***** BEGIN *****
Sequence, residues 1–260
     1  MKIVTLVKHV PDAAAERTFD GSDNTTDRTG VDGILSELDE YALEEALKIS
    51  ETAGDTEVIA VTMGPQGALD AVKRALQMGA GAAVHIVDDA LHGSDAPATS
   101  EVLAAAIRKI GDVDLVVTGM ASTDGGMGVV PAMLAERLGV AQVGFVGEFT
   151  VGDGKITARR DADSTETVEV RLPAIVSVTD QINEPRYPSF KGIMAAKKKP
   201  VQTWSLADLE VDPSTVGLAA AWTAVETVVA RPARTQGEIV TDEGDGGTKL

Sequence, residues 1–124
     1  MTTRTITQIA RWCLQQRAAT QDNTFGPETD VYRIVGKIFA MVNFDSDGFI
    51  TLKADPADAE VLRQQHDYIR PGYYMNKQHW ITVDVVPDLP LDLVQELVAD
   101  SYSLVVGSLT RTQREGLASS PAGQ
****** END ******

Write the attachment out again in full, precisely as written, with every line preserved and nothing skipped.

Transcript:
Sequence, residues 1–260
     1  MKIVTLVKHV PDAAAERTFD GSDNTTDRTG VDGILSELDE YALEEALKIS
    51  ETAGDTEVIA VTMGPQGALD AVKRALQMGA GAAVHIVDDA LHGSDAPATS
   101  EVLAAAIRKI GDVDLVVTGM ASTDGGMGVV PAMLAERLGV AQVGFVGEFT
   151  VGDGKITARR DADSTETVEV RLPAIVSVTD QINEPRYPSF KGIMAAKKKP
   201  VQTWSLADLE VDPSTVGLAA AWTAVETVVA RPARTQGEIV TDEGDGGTKL

Sequence, residues 1–124
     1  MTTRTITQIA RWCLQQRAAT QDNTFGPETD VYRIVGKIFA MVNFDSDGFI
    51  TLKADPADAE VLRQQHDYIR PGYYMNKQHW ITVDVVPDLP LDLVQELVAD
   101  SYSLVVGSLT RTQREGLASS PAGQ